A delightfully offbeat story that features an opinionated tortoise and an IQ-challenged narrator who find themselves in the middle of a life-changing mystery.
Audrey (a.k.a. Oddly) Flowers is living quietly in Oregon with Winnifred, her tortoise, when she finds out her dear father has been knocked into a coma back in Newfoundland. Despite her fear of flying, she goes to him, but not before she reluctantly dumps Winnifred with her unreliable friends. Poor Winnifred.
When Audrey disarms an Air Marshal en route to St. John’s we begin to realize there’s something, well, odd about her. And we soon know that Audrey’s quest to discover who her father really was – and reunite with Winnifred – will be an adventure like no other.
Winnifred is old. She might be three hundred. She came with the apartment. The previous tenant, a rock climber named Cliff, was embarking on a rock-climbing adventure that would not have been much fun for Winnifred. Back then her name was Iris. Cliff had inherited Iris from the previous tenant. Nobody knew how old Iris was or where she had come from originally. Now Cliff was moving out. He said, Would you like a tortoise.
I would not say no to a tortoise, I said.
I was alone in Portland and the trees were giant. I picked her up and she blinked at me with her upside-down eyelids. I felt instantly calm. Her eyes were soft brown. Her skin felt like an old elbow. I will build you a castle, I whispered. With a pool. And I was true to my word.
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Jessica Grant is a member of Newfoundland’s Burning Rock Collective (members include Michael Winter and Lisa Moore). Her first collection of short stories, Making Light of Tragedy, includes a story that won both the Western Magazine Award for Fiction and the Journey Prize.Excerpt. © Reprinted by permission. All rights reserved.:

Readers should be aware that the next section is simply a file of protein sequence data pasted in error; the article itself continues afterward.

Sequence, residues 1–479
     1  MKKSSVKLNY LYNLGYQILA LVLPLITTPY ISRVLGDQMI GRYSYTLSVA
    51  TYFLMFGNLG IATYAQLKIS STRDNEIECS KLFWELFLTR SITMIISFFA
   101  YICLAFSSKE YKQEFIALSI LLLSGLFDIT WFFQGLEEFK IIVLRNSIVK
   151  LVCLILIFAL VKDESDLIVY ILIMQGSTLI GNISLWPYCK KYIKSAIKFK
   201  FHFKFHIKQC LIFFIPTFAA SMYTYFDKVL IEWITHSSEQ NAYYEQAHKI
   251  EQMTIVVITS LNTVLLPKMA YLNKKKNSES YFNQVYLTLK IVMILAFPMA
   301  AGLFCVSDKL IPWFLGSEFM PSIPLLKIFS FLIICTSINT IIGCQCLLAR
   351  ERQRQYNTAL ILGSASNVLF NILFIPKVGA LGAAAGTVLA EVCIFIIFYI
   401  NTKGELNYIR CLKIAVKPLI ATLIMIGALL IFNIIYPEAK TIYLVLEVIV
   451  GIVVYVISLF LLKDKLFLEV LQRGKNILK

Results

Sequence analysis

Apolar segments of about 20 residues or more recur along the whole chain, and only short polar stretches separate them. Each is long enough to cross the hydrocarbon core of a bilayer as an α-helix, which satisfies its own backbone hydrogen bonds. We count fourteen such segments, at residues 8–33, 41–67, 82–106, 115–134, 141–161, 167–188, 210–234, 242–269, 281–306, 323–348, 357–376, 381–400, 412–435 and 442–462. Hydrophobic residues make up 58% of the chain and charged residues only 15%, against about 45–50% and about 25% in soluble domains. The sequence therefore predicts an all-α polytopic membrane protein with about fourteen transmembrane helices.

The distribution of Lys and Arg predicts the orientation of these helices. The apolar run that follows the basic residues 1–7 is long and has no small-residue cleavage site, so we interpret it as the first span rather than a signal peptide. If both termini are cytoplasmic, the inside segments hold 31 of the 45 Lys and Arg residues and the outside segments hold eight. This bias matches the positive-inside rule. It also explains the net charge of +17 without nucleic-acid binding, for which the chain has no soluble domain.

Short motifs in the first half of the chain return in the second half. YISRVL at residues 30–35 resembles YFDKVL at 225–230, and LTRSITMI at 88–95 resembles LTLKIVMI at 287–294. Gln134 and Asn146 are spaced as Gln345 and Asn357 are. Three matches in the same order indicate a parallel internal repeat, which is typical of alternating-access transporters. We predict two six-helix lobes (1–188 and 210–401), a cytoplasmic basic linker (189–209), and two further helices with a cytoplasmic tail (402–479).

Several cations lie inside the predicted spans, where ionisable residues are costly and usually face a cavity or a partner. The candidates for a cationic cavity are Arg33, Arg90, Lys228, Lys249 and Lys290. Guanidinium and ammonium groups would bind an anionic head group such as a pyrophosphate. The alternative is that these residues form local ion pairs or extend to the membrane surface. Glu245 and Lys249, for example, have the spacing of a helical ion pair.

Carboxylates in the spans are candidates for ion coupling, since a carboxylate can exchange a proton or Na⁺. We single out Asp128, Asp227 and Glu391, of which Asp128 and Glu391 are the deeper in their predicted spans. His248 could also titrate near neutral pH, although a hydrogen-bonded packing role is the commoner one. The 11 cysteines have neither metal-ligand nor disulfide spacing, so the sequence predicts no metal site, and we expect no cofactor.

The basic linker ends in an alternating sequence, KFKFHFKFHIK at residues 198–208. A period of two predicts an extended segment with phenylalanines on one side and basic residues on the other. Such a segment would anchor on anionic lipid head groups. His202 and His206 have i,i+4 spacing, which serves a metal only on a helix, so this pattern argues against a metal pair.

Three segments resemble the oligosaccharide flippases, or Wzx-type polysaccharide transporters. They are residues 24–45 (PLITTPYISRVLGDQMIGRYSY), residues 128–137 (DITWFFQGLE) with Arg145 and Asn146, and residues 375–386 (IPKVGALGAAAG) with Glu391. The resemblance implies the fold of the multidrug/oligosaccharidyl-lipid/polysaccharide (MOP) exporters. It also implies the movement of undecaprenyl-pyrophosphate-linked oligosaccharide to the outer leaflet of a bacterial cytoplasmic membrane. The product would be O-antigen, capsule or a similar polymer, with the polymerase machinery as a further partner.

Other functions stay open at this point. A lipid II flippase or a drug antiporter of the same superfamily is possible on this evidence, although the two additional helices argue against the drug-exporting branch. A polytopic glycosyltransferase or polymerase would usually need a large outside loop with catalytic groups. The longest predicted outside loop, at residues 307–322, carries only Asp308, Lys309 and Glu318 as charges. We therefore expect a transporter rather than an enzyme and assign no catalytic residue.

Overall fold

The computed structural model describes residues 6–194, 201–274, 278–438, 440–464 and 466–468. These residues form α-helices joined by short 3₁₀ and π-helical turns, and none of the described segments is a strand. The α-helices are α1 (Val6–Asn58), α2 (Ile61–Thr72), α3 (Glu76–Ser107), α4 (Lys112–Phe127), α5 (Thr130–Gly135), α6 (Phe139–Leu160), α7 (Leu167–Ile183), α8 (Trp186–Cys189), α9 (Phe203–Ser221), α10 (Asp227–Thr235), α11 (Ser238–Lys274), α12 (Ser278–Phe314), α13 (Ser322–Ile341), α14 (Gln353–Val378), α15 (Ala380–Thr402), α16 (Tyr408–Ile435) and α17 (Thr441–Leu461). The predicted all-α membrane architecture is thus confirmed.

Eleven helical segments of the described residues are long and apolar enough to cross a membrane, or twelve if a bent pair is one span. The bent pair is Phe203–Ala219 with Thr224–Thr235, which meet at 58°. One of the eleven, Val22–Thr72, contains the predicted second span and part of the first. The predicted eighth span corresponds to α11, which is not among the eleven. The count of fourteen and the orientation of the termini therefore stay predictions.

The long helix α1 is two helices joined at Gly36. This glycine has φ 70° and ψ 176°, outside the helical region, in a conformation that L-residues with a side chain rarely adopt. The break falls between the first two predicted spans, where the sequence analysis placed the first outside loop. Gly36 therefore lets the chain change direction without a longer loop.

The plane is a row of gold circles and a cockpit. One of those circles will carry my head halfway home. I count back fourteen. That circle. In the cockpit the pilots are having a good time. Boy are they. Coffee cups have to be put down. They are really laughing. One puts a hand on the other’s shoulder. Then the one with the hand leans over and kisses the other’s cheek. A quick impulsive happy peck.
A fellow passenger joins me at the terminal window. Hey, I tell her. Our pilots just kissed.
I’m thinking that kiss bodes well for our safety.
She pretends she has a cup to throw away.
That is my plane. With the word nap resolving on its tail. How do I feel about that acronym. Not great.
My phone rings and it’s Linda.
Winnifred isn’t moving.
Never assume a tortoise is dead. Rule Number One of Tortoise Ownership. What’s the temperature in your apartment. Remember it’s winter. It’s still dark. She ’s not nocturnal. These and other environmental factors have likely caused her to withdraw into her shell. Her heart beats maybe once an hour. Be patient. Wait an hour.
Still, I crouch down next to the window. Feel the heat coming up from the vent. Is my tortoise dead. Should I go back.
My own heart is all apatter. This is being alive. Can you feel the body worry before every beat. I can. Will this be the last. No. Will this be the last. No.
Should I go back.
I look up at the pilots who are possibly in love and I don’t want to catch any other plane but this one. This is my plane.
Yesterday I peered down into her castle and she was beside the pool making the same journey I’d seen her start two days ago. I knocked on her shell. Excuse me, Winnifred.
No legs emerged. No little ancient head.
I picked her up and held her under my armpit. This usually worked. I did have a heat lamp, but paper castles tend to be flammable.
Finally she woke up.
There, I said. I put her in the pool.
I knelt down beside the castle with windows that look out onto my kitchen. Many times I have seen Winnifred poke her head wistfully through one of those windows. Many times I have seen her drop a piece of lettuce like a note.
She climbed out of the pool and creaked over to the window.
I have to go home for a while, I said.